A Guide to the Past Perfect Tense
  • 4-minute read
  • 26th October 2022

A Guide to the Past Perfect Tense

English is a complicated language to learn for English as a second language speakers (ESL), and even if you are an English speaker, tenses are sometimes difficult to get to grips with. However, the past perfect tense (also known as pluperfect) is one of the easiest to understand and use. Most of us will almost certainly use it every day. But what exactly is it? And how does it work? Check out our guide below to find out how to use the past perfect tense correctly in your writing.

What is the Past Perfect Tense?

We use the past perfect tense to refer to a time earlier than before now. It is a verb tense which is used to describe how one action happened before another in the past. You do not have to mention the actions in order because the verb tense makes it clear which happened first. The past perfect tense talks about the past in the past.

Using the Past Perfect Tense

In English, the past perfect tense is composed of two parts: the past tense of the verb to have (had) and the past participle of the main verb/s.

We can illustrate this in the following examples:

She had bought some new shoes.

Jessica had baked a cake.

Brendan had gone out with the dog when I arrived home.

Let’s look at some additional examples of how we can use the past perfect tense.

For actions completed before another begins (both beginning and ending in the past):

I had never travelled on an underground train before I moved to London.

After she had attended university, she became an accountant.

They had hidden in the bushes while he counted to ten.

For actions of duration before something that began and ended in the past:

I had attended the concerts for years without ever having to purchase tickets.

He had repeatedly admitted it was his fault.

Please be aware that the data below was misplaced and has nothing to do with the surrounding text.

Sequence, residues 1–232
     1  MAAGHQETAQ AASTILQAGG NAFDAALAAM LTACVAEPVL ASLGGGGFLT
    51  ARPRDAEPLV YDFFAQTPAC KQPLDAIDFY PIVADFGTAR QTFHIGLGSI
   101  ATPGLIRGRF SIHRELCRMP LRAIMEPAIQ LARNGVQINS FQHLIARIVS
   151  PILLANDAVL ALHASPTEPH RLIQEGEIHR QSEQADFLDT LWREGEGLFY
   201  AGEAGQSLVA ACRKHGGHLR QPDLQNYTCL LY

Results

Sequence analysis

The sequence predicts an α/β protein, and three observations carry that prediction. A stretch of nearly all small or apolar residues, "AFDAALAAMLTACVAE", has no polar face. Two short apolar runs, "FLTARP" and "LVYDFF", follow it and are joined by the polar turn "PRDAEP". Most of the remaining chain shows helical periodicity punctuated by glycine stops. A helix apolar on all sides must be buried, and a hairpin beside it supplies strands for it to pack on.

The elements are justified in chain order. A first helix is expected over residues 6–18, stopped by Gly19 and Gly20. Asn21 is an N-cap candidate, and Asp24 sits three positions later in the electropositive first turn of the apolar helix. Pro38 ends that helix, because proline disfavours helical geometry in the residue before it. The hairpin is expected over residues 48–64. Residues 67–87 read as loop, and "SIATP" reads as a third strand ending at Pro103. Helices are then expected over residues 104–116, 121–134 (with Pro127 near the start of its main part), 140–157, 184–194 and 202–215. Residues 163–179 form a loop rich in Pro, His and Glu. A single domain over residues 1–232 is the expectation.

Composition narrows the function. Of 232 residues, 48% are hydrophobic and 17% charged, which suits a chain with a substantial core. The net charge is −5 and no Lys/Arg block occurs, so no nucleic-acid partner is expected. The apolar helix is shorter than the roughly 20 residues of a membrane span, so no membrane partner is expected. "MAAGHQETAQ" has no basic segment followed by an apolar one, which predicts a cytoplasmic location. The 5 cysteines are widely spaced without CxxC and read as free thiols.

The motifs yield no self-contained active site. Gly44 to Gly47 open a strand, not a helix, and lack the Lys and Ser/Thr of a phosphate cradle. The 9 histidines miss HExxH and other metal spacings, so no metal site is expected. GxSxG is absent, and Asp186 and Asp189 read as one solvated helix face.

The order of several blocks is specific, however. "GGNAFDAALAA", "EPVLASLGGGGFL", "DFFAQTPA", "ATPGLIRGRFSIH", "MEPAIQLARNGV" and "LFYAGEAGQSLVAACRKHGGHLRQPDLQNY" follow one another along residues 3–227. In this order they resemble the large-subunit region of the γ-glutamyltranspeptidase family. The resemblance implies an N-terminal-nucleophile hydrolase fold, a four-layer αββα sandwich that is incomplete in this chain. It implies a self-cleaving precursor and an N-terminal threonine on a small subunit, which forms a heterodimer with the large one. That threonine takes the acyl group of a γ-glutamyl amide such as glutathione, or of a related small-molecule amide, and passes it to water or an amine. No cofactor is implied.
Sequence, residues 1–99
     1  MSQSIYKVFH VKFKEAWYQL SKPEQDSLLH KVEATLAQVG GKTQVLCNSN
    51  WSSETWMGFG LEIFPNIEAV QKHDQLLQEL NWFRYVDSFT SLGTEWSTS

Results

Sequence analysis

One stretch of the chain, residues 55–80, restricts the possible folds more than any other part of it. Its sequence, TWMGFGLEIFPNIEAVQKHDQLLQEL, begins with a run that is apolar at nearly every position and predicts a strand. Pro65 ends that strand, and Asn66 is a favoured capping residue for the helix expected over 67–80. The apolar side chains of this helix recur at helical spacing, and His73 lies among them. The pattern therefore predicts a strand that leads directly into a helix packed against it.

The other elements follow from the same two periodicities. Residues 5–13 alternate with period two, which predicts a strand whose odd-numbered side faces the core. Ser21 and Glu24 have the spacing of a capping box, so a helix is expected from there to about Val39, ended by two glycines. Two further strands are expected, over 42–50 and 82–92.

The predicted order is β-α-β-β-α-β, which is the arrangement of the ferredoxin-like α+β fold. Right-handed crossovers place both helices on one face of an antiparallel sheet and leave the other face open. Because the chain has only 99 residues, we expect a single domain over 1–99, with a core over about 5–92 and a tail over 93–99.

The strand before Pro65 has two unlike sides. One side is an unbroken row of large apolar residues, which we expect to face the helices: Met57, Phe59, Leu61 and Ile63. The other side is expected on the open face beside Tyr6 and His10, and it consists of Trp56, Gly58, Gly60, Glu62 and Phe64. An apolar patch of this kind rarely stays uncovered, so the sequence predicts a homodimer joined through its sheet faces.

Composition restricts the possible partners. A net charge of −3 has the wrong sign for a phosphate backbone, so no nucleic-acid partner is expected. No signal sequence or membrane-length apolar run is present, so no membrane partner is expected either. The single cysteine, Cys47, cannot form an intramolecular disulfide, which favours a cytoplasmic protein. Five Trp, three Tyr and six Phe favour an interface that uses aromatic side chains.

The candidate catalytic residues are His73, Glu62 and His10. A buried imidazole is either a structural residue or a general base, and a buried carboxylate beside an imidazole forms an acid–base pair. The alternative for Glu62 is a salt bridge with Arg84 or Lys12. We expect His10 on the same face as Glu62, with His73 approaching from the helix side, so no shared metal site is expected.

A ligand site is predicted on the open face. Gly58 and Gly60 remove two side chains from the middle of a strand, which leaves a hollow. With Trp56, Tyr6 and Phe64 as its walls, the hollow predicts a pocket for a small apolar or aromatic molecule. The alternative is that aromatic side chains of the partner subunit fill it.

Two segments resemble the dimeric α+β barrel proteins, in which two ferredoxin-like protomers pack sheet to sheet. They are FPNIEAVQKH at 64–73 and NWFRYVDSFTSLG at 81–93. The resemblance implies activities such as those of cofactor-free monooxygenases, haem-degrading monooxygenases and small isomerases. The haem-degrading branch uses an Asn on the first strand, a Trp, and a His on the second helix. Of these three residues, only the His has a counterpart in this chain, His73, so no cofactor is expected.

They would have never known the truth without investigating.

For actions expressing conditional statements that occurred in the past as a consequence of the condition:

If I had listened during the lesson, I would have passed the test.

If you had understood me, you would not be asking the same questions.

If you had telephoned beforehand, you would not have missed us.

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For reported speech that occurred in the past, and that could have occurred more than once or over a period of time:

The forecaster had said it would be a hot day.

The child had asked how many planets were in the sky.

The patient had asked the nurse another question.

To show dissatisfaction with the past and indicate an event that did not actually happen:

She wished she had returned the dress.

He wished he had ordered a different book.

We wished we had taken our daughter on holiday with us.

To refer to an event that occurred only a short time earlier than now, just can be used:

The bus had just left when I arrived at the bus stop.

He had just left the office when the telephone rang.

I had just put the washing on the line when it started to rain.

To use it in negative sentences:

I had not visited that museum before today.

My sister hadn’t ever been to Majorca.

My friend had never gone abroad.

Proofreading for Grammar

Hopefully, our quick guide will help you to use the past perfect tense with confidence. But if you would like a little extra help with your grammar, our proofreaders are experts. Why not submit a free trial document for proofreading today? 

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